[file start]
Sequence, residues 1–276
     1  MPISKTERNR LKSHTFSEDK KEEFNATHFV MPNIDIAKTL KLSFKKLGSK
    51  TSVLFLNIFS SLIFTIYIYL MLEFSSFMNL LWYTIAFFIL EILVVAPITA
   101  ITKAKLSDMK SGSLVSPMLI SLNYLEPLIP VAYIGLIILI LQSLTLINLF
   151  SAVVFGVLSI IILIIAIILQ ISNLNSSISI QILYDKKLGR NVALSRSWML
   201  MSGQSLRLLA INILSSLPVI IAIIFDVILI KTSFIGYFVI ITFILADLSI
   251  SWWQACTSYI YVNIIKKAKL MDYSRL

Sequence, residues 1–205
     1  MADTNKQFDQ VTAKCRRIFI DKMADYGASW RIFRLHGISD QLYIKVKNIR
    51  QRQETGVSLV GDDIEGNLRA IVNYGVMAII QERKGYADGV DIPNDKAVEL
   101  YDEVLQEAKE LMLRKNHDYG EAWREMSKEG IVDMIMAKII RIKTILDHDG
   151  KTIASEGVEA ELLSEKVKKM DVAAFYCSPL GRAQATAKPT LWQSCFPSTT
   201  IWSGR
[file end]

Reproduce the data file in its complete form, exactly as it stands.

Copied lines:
Sequence, residues 1–276
     1  MPISKTERNR LKSHTFSEDK KEEFNATHFV MPNIDIAKTL KLSFKKLGSK
    51  TSVLFLNIFS SLIFTIYIYL MLEFSSFMNL LWYTIAFFIL EILVVAPITA
   101  ITKAKLSDMK SGSLVSPMLI SLNYLEPLIP VAYIGLIILI LQSLTLINLF
   151  SAVVFGVLSI IILIIAIILQ ISNLNSSISI QILYDKKLGR NVALSRSWML
   201  MSGQSLRLLA INILSSLPVI IAIIFDVILI KTSFIGYFVI ITFILADLSI
   251  SWWQACTSYI YVNIIKKAKL MDYSRL

Sequence, residues 1–205
     1  MADTNKQFDQ VTAKCRRIFI DKMADYGASW RIFRLHGISD QLYIKVKNIR
    51  QRQETGVSLV GDDIEGNLRA IVNYGVMAII QERKGYADGV DIPNDKAVEL
   101  YDEVLQEAKE LMLRKNHDYG EAWREMSKEG IVDMIMAKII RIKTILDHDG
   151  KTIASEGVEA ELLSEKVKKM DVAAFYCSPL GRAQATAKPT LWQSCFPSTT
   201  IWSGR